So now as we sit here in the fall of 2022, and we're thankfully fingers crossed kind of coming out of the pandemic and moving into the endemic phase and we're going to live with COVID. I saw the other day, I'm not going to get an annual COVID shot the way that I get an annual flu shot. I bet next year, they're probably going to combine, I'm going to get one shot. That's where science is going. How is the endemic era as we call it going to impact these healthcare shortages? What do you think?

Anthony Gentile:
I think as we move from the pandemic to the endemic, many things are going to go back to the way they were in terms of recruitment and availability of talent for certain medical jobs. But I think a couple of things that peaked during the pandemic are going to stay. There's a lot of things that happened as a result of that, and they went away but some will stay. Most notably, virtual recruitment and hiring strategies. Both employers and prospective candidates had no choice initially but to connect virtually. The need to hire people didn't go away, it just wasn't cool to bring 50 people into an auditorium during a hiring event and that wasn't just really good for patient safety.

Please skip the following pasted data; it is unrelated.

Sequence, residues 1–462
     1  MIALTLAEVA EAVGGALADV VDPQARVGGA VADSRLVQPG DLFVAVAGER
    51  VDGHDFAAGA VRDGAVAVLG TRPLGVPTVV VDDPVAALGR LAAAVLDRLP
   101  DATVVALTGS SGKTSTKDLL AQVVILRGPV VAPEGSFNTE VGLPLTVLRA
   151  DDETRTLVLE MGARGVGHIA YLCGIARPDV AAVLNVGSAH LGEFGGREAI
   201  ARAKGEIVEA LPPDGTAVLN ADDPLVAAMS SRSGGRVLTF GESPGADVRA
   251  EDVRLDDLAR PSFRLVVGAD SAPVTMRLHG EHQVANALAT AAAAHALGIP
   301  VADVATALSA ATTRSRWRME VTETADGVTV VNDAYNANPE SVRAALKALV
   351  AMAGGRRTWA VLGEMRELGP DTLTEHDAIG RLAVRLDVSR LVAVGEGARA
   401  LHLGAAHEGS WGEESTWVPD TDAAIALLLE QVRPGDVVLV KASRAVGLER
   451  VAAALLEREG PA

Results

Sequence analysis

So the idea of virtual engagement, I think what we've learned and what employers have learned is that this is one of those things that I don't want to say it's a positive that came out of this, but this is going to stay. It's becoming the preferred method of communication. The candidates are demanding that experience, recruiters are really enjoying that experience because they're saving time and able to double down on what they need to get accomplished.

Justin Steinman: